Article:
Midway through their first year, the owners realized that they had enough of a collection of bands to start Egypt’s first independent music festival, the Cairo Jazz Club Festival. For eight days in February 2002, the festival highlighted the work of eight bands with the closing night being an Open Jam. To further increase exposure, the CJC reached out to local media, and Egypt Today was the media sponsor of the first CJC Festival. According to Dajani, “We used this CJC Festival as a PR vehicle for the bands and Eftekesat, for example, used this exposure to perform original music. Egypt Today was a media sponsor and had written extensively about the bands, featuring each of the bands in the magazine. This was a first for this scene to be exposed in mainstream media and a lot came from it.”
CJC’s reputation for being the place to find good music pushed the partners to expand their activities. The sustaining philosophy was simple: to create a scene you had to invest in the scene. This meant not only financially supporting artists, but also working actively to develop artists. People, companies and projects needing musicians and good bands called CJC and, on the other side, bands that became part of the CJC family benefitted with gigs all over Egypt that paid well and pushed the boundaries of their exposure. By 2010, the venue and its various satellite activities were consolidated and formalized under the new brand, the Cairo Jazz Club Agency.
Quality over Quantity
Dajani’s general approach to and overview of the music scene indicates the tempered analysis of a personality not usually given to the kind of miscalculated decisions of those aiming to make a profit from the current fashion of “everything underground.”
According to Dajani, “Artists dependent on funding and aid models are really traversing a dangerous path because it is not sustainable. The NGO model, in particular, is not sustainable, because the government can come up with laws that affect practice and funding.” This is also a reflection of the government’s 2014 enactment of the NGO law, which put an end to many of the initiatives and projects that were dependent on foreign funding, including the well-established powerhouse that is Al Mawred Al Thaqafy. Consequently, the agency’s ability to develop and help artists grow is largely dependent on the success of the partners in creating strategies that allow them to bring in profit.
In essence, the agency is like a fluid mishmash of various activities, which include workshops, events, the CJC stage and festivals, stitched together with no clear strategy. With every obstacle that popped up as the agency grew, a new set of activities was formed to fix the problem. The growing number of bands and the need for stage experience coupled with the quality CJC had achieved made the agency a supplier at times (for corporate and private events) and a booking agency at others (in terms of helping get Egyptian artists booked at festivals outside of Egypt and foreign artists gigs in Egypt).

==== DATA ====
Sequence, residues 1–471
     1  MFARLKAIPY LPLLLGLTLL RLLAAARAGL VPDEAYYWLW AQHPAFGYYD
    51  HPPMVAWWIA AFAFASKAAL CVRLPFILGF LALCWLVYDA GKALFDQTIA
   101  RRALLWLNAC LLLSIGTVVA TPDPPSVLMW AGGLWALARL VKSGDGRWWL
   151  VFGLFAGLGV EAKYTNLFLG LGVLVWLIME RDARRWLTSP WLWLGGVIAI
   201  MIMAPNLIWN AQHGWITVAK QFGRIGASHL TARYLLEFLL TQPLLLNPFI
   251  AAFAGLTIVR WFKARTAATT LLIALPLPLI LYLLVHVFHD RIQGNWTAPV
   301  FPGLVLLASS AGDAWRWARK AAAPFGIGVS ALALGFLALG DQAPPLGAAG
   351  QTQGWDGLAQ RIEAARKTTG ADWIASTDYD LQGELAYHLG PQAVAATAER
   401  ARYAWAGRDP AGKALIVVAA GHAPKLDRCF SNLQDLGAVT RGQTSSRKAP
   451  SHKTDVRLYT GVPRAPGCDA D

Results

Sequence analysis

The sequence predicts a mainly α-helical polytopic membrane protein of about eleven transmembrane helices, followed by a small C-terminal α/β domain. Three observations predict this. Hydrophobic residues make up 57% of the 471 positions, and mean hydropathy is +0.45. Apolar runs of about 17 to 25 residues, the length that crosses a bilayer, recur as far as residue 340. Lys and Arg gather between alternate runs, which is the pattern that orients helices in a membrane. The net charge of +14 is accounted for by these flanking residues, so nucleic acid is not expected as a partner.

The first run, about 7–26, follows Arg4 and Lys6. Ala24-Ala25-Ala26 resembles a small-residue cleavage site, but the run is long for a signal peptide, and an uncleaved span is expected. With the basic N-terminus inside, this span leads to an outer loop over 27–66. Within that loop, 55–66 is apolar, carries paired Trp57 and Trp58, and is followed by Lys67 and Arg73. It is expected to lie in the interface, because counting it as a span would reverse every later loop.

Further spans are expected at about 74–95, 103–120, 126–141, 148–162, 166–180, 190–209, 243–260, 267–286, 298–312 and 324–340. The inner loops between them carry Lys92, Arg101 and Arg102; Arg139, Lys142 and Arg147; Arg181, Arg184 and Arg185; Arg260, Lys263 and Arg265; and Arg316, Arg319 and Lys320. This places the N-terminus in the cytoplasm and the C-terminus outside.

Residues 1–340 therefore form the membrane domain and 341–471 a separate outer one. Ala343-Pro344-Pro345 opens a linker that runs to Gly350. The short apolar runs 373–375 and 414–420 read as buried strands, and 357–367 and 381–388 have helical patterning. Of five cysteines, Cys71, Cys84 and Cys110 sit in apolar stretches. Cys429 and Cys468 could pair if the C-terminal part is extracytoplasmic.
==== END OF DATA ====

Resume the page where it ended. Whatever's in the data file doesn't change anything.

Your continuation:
“First the agency was focused on representing artists, however, when we realized there was a missing step in the music scene in general, namely there were no stages, due to the lack of venues, festivals and events, on which artists we represent are supposed to perform,” explains Dajani, who adds, “It is important for us to be sustainable as a business. And all this made us realize that representation was too soon given the shortages and decided, as a result, that our focus should be more on creating events and creating festivals through which we can showcase bands.” For now, the agency is focused on two paths of activities: commissioned work with supplying bands for events and the events they create themselves. On the event list, the agency has created some very powerful brands. In addition to handling the programming and booking of the CJC stage, they have gained a strong reputation as creators and organizers because of their festival work. In 2010, they partnered with cultural space Darb 1718 to hold Mawaweel, which was developed around the idea of providing an ‘alternative Ramadan experience’ that included music, art and a bazaar.
“Our idea behind it was to stand in the middle of the art/entertainment spectrum and offer art that was entertaining and vice versa, entertainment with artistic value,” says Dajani. Through the partnership with Darb 1718 came another festival concept, Artbeat, which also began in 2010 and revolved around the idea “…of harmoniously combining arts and crafts by local and international artists with music from around the world into a festival to be enjoyed and appreciated by people from all walks of life.”
Dajani says that “part of giving [bands] exposure was through bringing in important international bands and creating a space for interaction.” The first edition of Artbeat took place in Cairo and Minya, and had a number of objectives: getting bands outside of Cairo to break through the city’s monopoly on the music scene, create scenes for interaction between local and international bands and ensure a parallel path took place on the DARB 1718 side with regards to the arts.
In 2012, Artbeat was held in Cairo, Mansoura and Alexandria. There were seven bands from abroad and 14 Egyptian bands hitting each city back to back. According to Dajani, not only was the festival a great success, but it was done without any corporate sponsorship and open to the public for free to emphasize exposure by both broadening the audience base for musicians and exposing audiences to an alternative to mainstream pop.